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  Front cover:
  Nina Chanel Abney
  What, 2015
  Courtesy of the artist and Kravets Wehby Gallery, New York, NY

  IN THE FIRST introduction I penned for this magazine,
  I felt it incumbent to cite Ralph Waldo Emerson. One line
  in particular, for the fall of 2016, seems even more
  important now than it did in 2010, or in 1848 . . .

  Claws Some of the Shells Grow, a poem by Terese Svoboda
     (Online Exclusive)


  Amherst Stories, essays by Jules Chametzky
  “Pretty, little Linda M.,” as Jane W., her classmate and
  neighbor in North Amherst called her, a little derisively —
  though she continually assured me she loved Linda,
  even after becoming a successful dean at a university . . .

  Immigrant Dreams: Eat Crow, a story by Marilyn Chin
So, they lock you up in a two-and-a-half-mat bamboo
  hut that they built with the help of Madame Mao. They
  shave off your long black mane and squeeze you into a
  cheapy too-tight faux mandarin frock . . .

  Marek (1988), a memoir by Jonathan Dollimore
Sydney, Australia
  I wander up Oxford Street. Still very warm and humid.
  Cruised aggressively by some rough trade: two guys,
  together, possibly out to gay-bait. No real risk, given
  here’s other people around, so I stop to talk with them . . .

  Zeus, Cyclops, Plato, Gaia . . . , a poem by Michael Waters
  Home in winter, bored backpackers scroll
  Through pics of dogs they fed all summer,
  Recalling the names given them . . .

  Showing What Cannot Be Said: Total War and the
     International Project of Modernist War Writing,
part two of an essay by Nil Santianez
  Received with much critical acclaim when it came out in 1930,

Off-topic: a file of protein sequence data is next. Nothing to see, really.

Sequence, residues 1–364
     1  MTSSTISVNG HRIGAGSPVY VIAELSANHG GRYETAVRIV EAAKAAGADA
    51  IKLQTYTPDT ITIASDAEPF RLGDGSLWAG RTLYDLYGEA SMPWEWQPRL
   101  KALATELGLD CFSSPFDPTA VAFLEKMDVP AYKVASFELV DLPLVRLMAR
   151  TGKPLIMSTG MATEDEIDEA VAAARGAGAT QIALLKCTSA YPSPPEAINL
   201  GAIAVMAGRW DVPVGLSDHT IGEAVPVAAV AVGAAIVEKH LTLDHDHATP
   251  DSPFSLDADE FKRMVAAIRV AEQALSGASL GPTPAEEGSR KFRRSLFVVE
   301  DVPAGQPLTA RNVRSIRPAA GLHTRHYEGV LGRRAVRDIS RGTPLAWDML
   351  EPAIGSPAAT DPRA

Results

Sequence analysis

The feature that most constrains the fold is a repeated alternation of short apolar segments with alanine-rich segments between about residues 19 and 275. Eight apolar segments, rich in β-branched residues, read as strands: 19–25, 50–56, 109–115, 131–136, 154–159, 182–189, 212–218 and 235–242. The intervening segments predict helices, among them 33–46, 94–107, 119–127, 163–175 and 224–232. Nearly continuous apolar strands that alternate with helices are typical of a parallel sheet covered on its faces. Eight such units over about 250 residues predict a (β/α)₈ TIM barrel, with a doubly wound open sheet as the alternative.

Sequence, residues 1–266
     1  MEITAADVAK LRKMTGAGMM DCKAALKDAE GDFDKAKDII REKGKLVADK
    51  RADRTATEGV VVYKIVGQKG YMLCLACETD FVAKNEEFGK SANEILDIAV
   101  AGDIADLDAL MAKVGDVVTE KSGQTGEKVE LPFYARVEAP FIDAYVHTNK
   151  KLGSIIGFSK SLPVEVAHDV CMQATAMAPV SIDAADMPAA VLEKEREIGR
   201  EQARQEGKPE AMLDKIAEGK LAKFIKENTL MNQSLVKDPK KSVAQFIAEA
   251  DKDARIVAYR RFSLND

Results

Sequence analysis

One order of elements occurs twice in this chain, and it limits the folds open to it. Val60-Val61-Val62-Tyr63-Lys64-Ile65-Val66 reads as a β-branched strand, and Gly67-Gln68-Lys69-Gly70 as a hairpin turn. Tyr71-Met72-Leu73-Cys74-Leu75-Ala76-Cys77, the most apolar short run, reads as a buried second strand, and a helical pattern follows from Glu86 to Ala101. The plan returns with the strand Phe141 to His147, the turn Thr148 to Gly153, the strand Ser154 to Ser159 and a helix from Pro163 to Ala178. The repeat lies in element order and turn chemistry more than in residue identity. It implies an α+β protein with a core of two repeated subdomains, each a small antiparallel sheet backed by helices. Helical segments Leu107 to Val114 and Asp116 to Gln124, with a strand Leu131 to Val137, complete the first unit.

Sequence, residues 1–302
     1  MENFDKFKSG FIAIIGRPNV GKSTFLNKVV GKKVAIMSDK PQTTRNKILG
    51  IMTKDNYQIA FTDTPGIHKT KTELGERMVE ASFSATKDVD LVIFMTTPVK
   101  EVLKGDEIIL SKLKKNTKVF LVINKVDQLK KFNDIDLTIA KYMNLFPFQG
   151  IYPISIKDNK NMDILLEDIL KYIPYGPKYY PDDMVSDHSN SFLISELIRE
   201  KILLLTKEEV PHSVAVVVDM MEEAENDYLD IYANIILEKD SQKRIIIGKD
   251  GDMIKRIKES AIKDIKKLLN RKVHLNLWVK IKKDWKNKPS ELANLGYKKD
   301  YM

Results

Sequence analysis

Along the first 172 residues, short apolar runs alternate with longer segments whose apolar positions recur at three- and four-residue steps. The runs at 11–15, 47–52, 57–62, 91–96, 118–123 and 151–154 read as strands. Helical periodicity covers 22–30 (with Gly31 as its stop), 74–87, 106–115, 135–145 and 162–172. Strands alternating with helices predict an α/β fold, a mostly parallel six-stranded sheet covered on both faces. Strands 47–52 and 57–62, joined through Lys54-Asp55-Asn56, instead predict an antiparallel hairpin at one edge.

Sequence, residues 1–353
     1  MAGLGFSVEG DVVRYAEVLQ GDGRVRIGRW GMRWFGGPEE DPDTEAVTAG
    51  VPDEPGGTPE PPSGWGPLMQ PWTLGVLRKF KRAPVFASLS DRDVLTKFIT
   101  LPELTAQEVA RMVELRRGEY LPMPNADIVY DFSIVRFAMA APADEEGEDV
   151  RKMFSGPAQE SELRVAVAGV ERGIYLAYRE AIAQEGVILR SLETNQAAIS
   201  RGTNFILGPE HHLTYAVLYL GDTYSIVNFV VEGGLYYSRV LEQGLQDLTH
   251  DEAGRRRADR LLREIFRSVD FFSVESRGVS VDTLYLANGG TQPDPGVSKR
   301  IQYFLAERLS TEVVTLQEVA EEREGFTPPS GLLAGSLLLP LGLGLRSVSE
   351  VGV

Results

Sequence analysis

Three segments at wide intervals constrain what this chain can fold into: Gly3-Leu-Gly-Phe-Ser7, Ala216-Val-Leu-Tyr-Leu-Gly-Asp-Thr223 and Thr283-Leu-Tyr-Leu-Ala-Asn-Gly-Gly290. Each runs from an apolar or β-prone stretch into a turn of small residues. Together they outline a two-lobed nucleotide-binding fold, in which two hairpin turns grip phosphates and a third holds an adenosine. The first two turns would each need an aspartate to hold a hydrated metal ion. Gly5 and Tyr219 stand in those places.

Edlef Köppen’s Heeresbericht (Army Communiqué) did not
  enjoy the enormous public success that welcomed Le Feu
  (Under Fire) and other war novels of the period . . . .

  Stories, Scandals, and Censorship: Telling the Story of the
    Guantanamo Bay Detainee Library Facilities,

    an essay by Muira McCammon
By their location and legal status, prison libraries operate on
  principles that differ fundamentally from the workings of
  most traditional public and university libraries. . . .

  How the Hands, a poem by Farhad Showghi,
    translated by Harry Roddy

How the hands move, have things brought. Into experience
  and back again. I determine that the silence here is looking
  for something. Also the connection to reality that five fingers
  can grasp. Finally they stroked the child’s head. . . .

  Family Matter, a story by Alex Poppe
I’m pretty sure I could kill someone if I had to. Fico says I’d
  pussy out, but he complains about ball-sag and he’s only
  fifteen, so what does he know? I’ll check his palms the next
  time I see him, which will be in about two minutes. . . .